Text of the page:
A walk to the west of Bexhill

November 22 2020 – Bexhill-on-Sea.

A further week of lockdown has passed without incident. We cannot really do anything much so passing without incident was to be expected. The weather was good the last week. It has not been too cold, nor has it been too windy and wet; not compared to last Sunday and the storm anyway. I even managed to get out for three 30 minute lunch time runs, which was the second time in the past few weeks. These are the first runs I have done in an absolute age and they were not particularly pleasant. I intend to do more in the coming weeks…

We have had a good weekend; not that we did much with it, but we enjoyed it nonetheless. We decided to go out of town for a walk today. We walk the Hastings and St Leonards seafronts most weekends, and often during the week, so it was nice to stroll somewhere, at least slightly, different.

We have walked to and from Bexhill a number of times, the walk along the seafront only takes 90 minutes. However, we have never walked westward out of Bexhill towards Pevensey and Eastbourne. It is a different type of walk and I would call it a lot more ‘local’. Rather than a touristy seafront of flats, guesthouses, hotels and shops there are houses hidden behind fences and buildings on behind walls on top a small ridge over the sea front. There are some of the best and the widest range of beach huts I have seen.

There is nothing specific here to visit, so I suspect most of the many other walkers lived nearby. There were a lot of dogs and small children about, which suggests that. We much enjoyed the walk. There were a couple of properties behind walls that made them look like Second World War fortifications, or maybe cold war bunkers.  These were definitely my favourite. Concrete was king when a lot of these were made.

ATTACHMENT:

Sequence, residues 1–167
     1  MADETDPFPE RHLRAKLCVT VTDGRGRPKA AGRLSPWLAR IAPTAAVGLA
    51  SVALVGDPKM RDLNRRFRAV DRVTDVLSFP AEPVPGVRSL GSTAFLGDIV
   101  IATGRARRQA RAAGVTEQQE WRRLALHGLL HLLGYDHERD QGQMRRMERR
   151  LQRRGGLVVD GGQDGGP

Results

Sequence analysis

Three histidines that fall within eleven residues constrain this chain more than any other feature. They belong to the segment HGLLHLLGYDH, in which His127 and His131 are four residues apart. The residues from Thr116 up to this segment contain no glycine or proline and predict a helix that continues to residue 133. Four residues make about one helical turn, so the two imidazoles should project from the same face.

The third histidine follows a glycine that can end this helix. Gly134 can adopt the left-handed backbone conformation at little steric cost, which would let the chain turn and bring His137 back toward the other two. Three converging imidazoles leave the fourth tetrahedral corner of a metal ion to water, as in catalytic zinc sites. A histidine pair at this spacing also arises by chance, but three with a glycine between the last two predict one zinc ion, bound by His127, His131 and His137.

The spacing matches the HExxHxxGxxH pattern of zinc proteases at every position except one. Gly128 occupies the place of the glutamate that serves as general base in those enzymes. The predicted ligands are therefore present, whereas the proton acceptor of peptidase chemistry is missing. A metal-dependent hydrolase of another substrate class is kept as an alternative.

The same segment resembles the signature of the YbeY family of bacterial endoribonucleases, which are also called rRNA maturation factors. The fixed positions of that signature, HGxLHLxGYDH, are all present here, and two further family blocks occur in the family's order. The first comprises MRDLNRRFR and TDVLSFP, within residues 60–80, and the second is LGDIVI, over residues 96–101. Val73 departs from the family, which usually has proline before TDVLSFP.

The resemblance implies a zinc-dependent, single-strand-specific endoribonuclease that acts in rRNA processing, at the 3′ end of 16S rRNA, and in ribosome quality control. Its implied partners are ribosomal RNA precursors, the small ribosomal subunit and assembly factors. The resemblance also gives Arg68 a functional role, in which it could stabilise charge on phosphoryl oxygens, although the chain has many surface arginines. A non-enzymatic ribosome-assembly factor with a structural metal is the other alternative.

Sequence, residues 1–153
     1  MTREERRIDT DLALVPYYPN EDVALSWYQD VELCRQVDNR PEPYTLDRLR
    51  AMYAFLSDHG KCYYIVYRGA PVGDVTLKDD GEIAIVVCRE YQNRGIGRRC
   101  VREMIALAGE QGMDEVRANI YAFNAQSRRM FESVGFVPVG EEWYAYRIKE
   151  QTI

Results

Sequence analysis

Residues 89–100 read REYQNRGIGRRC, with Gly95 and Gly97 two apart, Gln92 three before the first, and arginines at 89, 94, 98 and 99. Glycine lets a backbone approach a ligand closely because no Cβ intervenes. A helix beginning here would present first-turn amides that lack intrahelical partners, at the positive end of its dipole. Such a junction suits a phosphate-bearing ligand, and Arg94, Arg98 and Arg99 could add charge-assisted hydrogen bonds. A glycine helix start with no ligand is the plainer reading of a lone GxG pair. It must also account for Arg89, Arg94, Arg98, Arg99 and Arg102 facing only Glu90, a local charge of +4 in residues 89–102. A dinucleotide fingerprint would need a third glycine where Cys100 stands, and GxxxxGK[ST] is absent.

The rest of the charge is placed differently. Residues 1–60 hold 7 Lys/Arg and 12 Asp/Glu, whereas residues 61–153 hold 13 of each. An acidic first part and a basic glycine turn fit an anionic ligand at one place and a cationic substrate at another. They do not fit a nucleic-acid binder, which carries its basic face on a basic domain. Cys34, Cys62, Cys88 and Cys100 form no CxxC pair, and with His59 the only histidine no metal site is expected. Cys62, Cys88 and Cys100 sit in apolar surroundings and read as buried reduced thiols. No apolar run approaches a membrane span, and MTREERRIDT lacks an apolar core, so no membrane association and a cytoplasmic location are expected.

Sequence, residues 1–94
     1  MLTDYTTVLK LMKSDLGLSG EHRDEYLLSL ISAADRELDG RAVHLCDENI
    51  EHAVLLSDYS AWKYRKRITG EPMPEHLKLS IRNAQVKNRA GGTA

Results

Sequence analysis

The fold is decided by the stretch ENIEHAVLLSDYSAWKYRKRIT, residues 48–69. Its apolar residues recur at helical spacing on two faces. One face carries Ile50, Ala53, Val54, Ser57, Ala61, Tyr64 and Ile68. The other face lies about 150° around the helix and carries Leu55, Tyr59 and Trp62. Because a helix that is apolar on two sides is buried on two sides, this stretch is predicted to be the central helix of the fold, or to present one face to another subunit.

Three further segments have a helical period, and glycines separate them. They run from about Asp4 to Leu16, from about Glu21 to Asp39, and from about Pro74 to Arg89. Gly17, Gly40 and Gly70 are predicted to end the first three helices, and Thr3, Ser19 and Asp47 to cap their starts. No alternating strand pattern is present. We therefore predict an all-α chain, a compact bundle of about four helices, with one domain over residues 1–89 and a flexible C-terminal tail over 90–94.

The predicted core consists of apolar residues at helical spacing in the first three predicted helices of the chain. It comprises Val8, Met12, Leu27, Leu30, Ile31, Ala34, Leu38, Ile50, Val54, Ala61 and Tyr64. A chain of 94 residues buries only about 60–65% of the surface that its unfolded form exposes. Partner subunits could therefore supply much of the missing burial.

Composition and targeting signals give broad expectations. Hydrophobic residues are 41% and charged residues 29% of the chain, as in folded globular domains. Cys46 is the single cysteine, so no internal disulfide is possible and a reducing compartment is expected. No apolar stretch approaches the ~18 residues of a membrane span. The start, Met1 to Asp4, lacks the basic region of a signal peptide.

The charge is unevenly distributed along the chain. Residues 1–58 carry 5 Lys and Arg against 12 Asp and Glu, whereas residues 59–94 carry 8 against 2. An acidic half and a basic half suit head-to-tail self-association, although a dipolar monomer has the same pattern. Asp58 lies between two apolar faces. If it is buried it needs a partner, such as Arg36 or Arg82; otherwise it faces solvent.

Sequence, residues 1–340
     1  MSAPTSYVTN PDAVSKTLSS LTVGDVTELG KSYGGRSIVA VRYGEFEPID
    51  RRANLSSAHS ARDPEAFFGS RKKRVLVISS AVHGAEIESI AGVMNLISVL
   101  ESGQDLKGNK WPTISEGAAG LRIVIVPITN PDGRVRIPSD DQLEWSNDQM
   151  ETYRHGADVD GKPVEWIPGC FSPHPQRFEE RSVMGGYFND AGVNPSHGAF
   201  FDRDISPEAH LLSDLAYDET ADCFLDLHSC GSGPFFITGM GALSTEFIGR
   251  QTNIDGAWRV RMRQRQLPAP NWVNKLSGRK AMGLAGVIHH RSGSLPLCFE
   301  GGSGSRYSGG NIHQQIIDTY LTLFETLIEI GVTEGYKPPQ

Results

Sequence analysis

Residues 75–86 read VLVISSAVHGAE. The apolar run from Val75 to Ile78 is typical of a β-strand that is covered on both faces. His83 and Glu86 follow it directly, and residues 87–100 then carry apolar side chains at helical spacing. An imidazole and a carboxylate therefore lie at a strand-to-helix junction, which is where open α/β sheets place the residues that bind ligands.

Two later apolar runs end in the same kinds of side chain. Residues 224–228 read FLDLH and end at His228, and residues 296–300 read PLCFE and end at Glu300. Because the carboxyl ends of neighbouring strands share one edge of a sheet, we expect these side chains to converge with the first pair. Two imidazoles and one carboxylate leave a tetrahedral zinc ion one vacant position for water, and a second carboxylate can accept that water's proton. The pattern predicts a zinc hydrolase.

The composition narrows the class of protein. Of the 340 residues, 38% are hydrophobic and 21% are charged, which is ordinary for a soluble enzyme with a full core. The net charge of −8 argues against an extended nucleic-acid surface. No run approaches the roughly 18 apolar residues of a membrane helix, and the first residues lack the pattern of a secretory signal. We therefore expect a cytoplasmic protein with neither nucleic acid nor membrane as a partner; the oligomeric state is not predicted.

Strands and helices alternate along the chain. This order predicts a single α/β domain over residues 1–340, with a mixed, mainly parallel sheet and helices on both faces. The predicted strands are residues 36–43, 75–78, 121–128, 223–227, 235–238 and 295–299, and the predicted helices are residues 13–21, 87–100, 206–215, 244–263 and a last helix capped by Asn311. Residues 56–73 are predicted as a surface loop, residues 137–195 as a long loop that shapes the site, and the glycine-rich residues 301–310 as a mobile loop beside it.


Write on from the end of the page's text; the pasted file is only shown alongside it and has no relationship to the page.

I wasn’t intending on taking photos, though I did have the little camera in my bag, just in case. I ended up taking quite a few, it was that sort of walk. The variety of beach huts and the walls leading up to houses were fabulous, the light was wonderful and the clouds played their part in some lovely afternoon scenery.

An off-the-cuff walk in a place that most people won’t bother with. This is what I do and love. I should do more of it.

August

August 2020 – St Leonards-on-Sea

Summer. Holidays. Sun (on occasion, I am in England remember) and warmth; beach, swimming, walking, relaxing, lager and rose wine, cheese and salad. Yep, we had all those things, and probably more, though photographically this post is going to be more about clouds than much else. We had some mighty fine clouds in August, and some pretty good rain at times, the inevitable result of some extremely hot days.

The more I thought about the month the more I thought the weather summed up how I was feeling. It was not a bad month, but it had its grey and heavy moments. For most of us the UK relaxed its Covid-19 lockdown rules; we can go to pubs and restaurants, we can get a haircut, we can buy books and records from proper book and record shops and pretty much everything is now open. Admittedly nothing is as open as it would be in more usual times. Masks are compulsory in shops, and bars and restaurants ask for a name and number when you arrive. I have accepted that this is the way it will be for a long time, I still need to accept that not everyone is going to abide by those rules. I am getting closer to acceptance; though still mutter under my breath. Still, it is good to be out and about.

August has been OK at work too. Things do not feel as frantic as they have done, though like the weather I sense a pending storm of demand. August is the eye in the middle of this disruptive year, with Covid-19 mostly behind us. However, the winter demands of flooding, flu and cold are on the radar and the Brexit debacle looms over a horizon that is drawing ever closer.

Some good friends of ours from Walthamstow have just bought a flat in the absolutely lovely Marine Court building. The building needs a ton of work, and the public interior is straight out of The Shining. I love it. The building was constructed in 1938 and was the tallest building in the UK at the time, it is designed to look like a cruise ship, which it does quite well. I can see it from the flat. On one of our visits I took this photo of some fantastic clouds as they moved across the sea. I am going to get a big print of this…